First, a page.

Capturing Natural Audio
Science and environmental productions would be as dead as last years’ salmon run without quality, supportive natural audio. Yet despite its vital role in almost every aspect of higher-end outdoor filmmaking today, it remains one of the most overlooked and abused aspects of making your outdoor media come alive. That’s one reason why having a quality library of natural sounds can sometimes separate both you from the competition.
What’s Nat Sound?
Although some might consider all outside sounds as part of the “natural audio” world, the true sounds of nature are more often than not contaminated with a host of human related sounds that degrade its essence and production value of true nat audio. Unless you’re recording in the wilds of the Yukon or the heart of Africa, nat audio is often degraded by passing airplanes, distant traffic, barking dogs, chainsaws, gunshots, ATVs, watercraft, construction pounding, marching bands, yelling kids, you name it.
More often than not, natural audio is captured serendipitously as part of some grander enterprise such as videotaping your environmental production. And because it’s “background” audio to another prominent event involving people, it’s also “contaminated” with camera operator motion and voice sounds and talent sounds. Of course, some of those sounds are not only unavoidable but crucial to the overall production. The host’s audio on camera is a lot more important to the value of the production than a cricket chirping. However, knowing how to minimize contamination from all sources and how to maximize the capturing of uncontaminated audio is the art of capturing nat audio that can boost the quality of a production while helping make it seamless.
Tools of the trade
Many digital cameras and recorders come with built-in mics that are designed to capture audio – at birthday parties with screaming kids. Most built-in mics are attached to the housing of the camera and are extremely vulnerable to also capturing camera motor noise, zoom lens motor noise, and camera operator generated noise, especially if left up to the “audio brain” of the camera. True, some higher end cameras today have quality, cushioned mics designed to mitigate camera noise, but again they are at the mercy of the camera’s audio settings. To overcome some of the audio challenges with gear, follow these simple cures:
Set the stage for quiet
Even though some camera setups take advantage of one channel of audio devoted to the wireless mic of the talent’s voice, while the shotgun mic is usually dedicated to capture ambient sound, another separate nat sound track is crucial in studio editing to make all the production cuts seamless using background audio. And that requires purposefully planning and capturing nat audio without distractions or contamination.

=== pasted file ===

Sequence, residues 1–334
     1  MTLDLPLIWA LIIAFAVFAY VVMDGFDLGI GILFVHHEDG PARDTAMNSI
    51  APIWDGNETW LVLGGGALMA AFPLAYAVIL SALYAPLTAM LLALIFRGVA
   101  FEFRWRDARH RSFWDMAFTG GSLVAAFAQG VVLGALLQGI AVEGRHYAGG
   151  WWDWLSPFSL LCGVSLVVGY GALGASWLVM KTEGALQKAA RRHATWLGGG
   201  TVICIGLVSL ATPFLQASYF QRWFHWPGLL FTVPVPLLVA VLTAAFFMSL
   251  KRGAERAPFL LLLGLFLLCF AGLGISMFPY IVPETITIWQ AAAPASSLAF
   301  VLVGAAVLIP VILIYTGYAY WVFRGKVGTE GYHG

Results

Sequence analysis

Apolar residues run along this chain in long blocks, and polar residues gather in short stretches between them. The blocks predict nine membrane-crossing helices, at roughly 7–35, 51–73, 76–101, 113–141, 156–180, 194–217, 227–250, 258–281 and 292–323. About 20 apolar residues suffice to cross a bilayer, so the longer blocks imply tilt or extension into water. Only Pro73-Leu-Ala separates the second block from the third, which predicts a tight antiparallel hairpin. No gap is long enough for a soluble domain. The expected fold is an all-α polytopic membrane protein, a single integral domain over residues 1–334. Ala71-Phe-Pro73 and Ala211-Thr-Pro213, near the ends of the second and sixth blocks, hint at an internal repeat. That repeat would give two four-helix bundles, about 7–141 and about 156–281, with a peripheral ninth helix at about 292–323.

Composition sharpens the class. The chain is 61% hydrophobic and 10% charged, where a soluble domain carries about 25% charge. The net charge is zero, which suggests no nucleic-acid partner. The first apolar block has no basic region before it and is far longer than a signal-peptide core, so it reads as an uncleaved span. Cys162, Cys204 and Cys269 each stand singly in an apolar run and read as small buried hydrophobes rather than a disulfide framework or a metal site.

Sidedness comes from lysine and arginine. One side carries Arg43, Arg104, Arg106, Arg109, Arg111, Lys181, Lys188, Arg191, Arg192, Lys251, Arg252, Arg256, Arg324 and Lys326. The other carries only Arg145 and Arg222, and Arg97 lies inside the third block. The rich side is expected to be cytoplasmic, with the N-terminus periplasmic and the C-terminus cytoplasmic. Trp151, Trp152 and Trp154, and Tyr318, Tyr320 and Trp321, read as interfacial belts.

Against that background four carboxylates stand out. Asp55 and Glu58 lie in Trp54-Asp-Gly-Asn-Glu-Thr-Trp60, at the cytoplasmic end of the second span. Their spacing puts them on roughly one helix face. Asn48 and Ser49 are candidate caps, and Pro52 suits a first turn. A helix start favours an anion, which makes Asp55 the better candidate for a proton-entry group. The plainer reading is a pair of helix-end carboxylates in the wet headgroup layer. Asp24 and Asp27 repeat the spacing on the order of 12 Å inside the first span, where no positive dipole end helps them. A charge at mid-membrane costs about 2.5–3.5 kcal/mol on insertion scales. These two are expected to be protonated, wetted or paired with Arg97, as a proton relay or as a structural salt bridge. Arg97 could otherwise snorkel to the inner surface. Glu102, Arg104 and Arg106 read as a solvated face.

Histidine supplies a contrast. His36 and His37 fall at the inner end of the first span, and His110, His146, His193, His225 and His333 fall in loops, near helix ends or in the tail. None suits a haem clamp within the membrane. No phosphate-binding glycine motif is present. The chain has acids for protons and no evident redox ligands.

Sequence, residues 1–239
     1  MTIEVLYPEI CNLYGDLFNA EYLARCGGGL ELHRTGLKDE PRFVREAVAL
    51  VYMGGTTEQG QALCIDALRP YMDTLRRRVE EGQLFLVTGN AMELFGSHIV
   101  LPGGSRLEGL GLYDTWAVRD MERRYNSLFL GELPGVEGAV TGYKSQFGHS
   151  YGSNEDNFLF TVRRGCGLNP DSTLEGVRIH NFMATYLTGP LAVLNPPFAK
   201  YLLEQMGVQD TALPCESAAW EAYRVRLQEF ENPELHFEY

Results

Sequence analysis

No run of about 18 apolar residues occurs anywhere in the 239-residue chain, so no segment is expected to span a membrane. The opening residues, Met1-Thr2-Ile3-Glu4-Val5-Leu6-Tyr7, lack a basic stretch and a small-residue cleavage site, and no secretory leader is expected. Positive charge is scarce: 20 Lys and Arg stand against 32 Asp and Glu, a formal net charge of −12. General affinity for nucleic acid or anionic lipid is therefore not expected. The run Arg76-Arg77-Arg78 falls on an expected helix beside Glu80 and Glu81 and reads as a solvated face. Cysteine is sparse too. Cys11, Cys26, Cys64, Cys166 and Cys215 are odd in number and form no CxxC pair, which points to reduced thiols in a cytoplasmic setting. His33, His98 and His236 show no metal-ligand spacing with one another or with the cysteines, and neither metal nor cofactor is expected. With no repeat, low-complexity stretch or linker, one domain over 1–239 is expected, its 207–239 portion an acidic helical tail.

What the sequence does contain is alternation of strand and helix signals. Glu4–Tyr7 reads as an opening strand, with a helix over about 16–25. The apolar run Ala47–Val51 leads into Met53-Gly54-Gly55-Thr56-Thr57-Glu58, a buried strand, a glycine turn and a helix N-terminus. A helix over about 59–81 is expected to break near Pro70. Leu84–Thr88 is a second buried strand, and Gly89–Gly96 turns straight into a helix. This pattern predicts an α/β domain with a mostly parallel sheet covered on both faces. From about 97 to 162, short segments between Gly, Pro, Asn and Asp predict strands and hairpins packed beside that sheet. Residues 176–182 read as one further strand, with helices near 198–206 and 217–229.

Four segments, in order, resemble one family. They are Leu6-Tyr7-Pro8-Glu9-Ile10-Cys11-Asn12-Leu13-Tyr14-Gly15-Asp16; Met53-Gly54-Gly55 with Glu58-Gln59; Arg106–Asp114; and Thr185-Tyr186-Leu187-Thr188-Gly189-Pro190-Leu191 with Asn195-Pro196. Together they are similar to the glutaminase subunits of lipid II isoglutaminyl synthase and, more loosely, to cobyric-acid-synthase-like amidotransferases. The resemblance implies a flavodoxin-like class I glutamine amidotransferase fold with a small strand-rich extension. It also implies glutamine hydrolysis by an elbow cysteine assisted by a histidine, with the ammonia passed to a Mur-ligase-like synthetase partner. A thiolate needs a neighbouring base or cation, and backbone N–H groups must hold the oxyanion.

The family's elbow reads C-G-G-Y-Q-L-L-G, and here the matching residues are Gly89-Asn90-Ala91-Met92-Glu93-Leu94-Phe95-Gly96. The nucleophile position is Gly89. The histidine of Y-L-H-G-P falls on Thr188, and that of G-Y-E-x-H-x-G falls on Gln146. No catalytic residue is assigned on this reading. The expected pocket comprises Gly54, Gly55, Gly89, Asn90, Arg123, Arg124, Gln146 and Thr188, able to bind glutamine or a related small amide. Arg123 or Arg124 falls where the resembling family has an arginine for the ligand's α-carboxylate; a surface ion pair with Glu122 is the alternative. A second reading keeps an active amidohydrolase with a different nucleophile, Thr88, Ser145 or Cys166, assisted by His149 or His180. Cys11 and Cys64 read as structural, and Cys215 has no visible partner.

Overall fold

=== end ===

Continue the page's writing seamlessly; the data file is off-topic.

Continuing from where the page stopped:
It’s unrealistic to start hearing a frog croaking during a videotaping segment then tell the host, “Quiet on the set, I hear a frog”. True, the frog croaking at the right times could boost the richness of the audio track but the frog really needs its own, “uncontaminated” sound track. Like any quality endeavor, plan ahead to capture quality natural audio. In most places, this means recording when and where human generated noise contamination is at a minimum. Weekdays, dawn, dusk, and remote all fit into the possible mix. This may mean getting up early and staying up late, but you’ll soon find your quality library of nat sounds growing in leaps and bounds. And for loons, whippoorwills, lions, owls and such, you may even try the middle of the night, or at least within the first hours of darkness.
Once you’re setup in a location with some cool nat audio occurring, minimize any camera noise by taking the shotgun mic off the camera (if the cord permits) and secure it (Velcro quickstrips) pointed in the direction of the best sounds. I use a cord that lets me secure the mic about two feet in front of the camera on a sapling or tree branch. Using this technique you shouldn’t get ANY camera noise. Setting on a flat rock or near clam water will allow those surfaces reflect the sounds into the mic.
Now set the camera down or on a tripod to minimize any camera or cord movement. Start recording and step back a few paces (as long as your headphones cord permits) and sit or stand perfectly still. I’ve heard lots of would-be attempts to capture cool nat audio ruined by someone trying to “quietly” handhold the camera while they swatted bugs or sniffled their nose.
Finally, let tape roll for two to three minutes per capture. Tape’s cheap stuff compared to the rare sounds of fighting elk or roaring lions. You might even make a shoot list for audio capture based on the type of field production you’re doing. Here’s a simple “daily” list of possible sounds to capture for an African documentary production:
So what’s the big deal with messing with all this nat audio? I had a client recently give me some HD tapes of two very intense wildlife encounters with Cape buffalo that he wanted produced. I was shocked to find out that after I took the job that three hours of the crucial cape buffalo tapes had NO FIELD AUIO whatsoever. Fortunately, I had collected a significant nat audio library of African sounds over the years. So my challenge was to seamlessly recreate nat audio to match the action wildlife sequences that were missing audio. The end result was a finished production where even most pros couldn’t tell that all the nat audio had been dubbed in. So having a good nat audio library plus a few editing tricks saved the day on that job that some producers may have tossed on the editing room floor.
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